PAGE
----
One of his “Plays Unpleasant”, George Bernard Shaw wrote this in 1892, but it was considered just too scandalous and improper for the stage by the Lord Chancellor. It did not receive a production until 1902 in a club theatre which did not need his approval.. It was an immediate sensation which sent the critics reeling.

What Shaw did was draw attention to a truth – the way women were undervalued, overworked and underpaid in the menial jobs that were open to them and were forced into prostitution in order to stay alive. He also pointed out that so-called respectable women were sold into a kind of prostitution by being forced to marry for money. What the general public was unaware of was that the whole profession was big business and men like his character Sir George Croft were happy to take 35 per cent of immoral earnings. Not only that, but properties rented by brothel owners were often church property so churches also benefited from the exploitation of the women. This obviously set the class obsessed and hypocritical Edwardian society in a panic and GBS was vilified for bringing corruption out into the open.

His heroine, Vivie Warren (Emily Holden), is an intelligent, well educated young woman who has ambitions to be a lawyer. Her mother is a shadowy character she hardly knows and this is a reunion between mother and daughter and some of their friends - the free thinking Bohemian artist Praed; played with great sweetness by Chris Bearne, Frank (Max Davis), son of the local vicar and in love with Vivie, and the venal businessman Crofts - portrayed with roguish charm by Keith Myers. There is a gradual dawning of the true situation to the young woman who though self-possessed and intelligent is not a woman of the world.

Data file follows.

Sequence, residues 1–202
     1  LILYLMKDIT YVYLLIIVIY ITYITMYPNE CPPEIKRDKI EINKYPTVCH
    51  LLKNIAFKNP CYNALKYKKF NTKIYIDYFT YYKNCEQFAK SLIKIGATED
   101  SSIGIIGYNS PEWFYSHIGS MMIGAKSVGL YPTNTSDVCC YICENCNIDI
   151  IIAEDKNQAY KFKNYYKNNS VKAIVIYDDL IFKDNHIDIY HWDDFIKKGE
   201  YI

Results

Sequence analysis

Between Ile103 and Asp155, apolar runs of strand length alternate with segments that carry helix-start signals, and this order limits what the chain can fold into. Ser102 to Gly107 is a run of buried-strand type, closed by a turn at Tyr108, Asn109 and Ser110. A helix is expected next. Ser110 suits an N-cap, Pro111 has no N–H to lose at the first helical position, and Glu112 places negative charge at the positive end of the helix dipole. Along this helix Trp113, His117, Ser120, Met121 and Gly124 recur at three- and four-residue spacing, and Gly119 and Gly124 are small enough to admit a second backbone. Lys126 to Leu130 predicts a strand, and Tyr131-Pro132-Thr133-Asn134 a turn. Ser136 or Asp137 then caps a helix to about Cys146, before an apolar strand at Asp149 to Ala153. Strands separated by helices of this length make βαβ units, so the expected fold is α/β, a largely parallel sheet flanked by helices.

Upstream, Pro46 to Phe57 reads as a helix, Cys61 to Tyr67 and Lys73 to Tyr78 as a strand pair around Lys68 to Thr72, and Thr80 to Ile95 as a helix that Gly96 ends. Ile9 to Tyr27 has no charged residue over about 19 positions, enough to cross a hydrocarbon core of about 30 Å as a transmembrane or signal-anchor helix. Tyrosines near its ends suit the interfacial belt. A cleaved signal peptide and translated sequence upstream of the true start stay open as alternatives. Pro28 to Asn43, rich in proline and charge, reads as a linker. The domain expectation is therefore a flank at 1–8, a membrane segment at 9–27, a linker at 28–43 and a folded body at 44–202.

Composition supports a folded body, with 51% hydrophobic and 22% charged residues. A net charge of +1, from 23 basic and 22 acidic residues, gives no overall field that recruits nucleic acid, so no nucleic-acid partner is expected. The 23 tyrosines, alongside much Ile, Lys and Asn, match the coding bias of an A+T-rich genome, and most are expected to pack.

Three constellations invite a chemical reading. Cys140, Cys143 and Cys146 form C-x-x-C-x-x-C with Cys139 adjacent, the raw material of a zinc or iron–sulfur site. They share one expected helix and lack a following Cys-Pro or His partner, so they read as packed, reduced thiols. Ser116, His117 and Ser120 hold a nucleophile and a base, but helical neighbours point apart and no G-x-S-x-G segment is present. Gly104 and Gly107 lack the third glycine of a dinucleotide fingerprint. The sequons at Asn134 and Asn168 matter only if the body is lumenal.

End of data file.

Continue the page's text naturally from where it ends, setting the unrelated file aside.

Holden is a powerful actress who manages to convey the somewhat heartless character without any loss of sympathy. Dot Smith plays the lower class Kitty Warren as a woman who is proud of her lowly roots, the way she has fought to survive and the expensive education she has been able to afford for her daughter. The scene between them as she explains to her daughter why she entered this profession is deeply moving and would give the play a happy ending were it not for further revelations in Act two.

David Myerscough-Jones has produced a clever minimalist set and the author helps out furniture-wise by making his characters say expositional lines like “I’ll bring you a chair!”. Michael Friend’s direction is a little slow at times, though he shows great respect for the text. The actors have yet to work out the acoustics of the theatre and their voices are uneven, but familiarity should sort this out.

Definitely worth seeing - and the next production at Pentameters is Harry Meacher’s production of Heartbreak House A kind of Shaw festival, and not before time!

- Aline Waites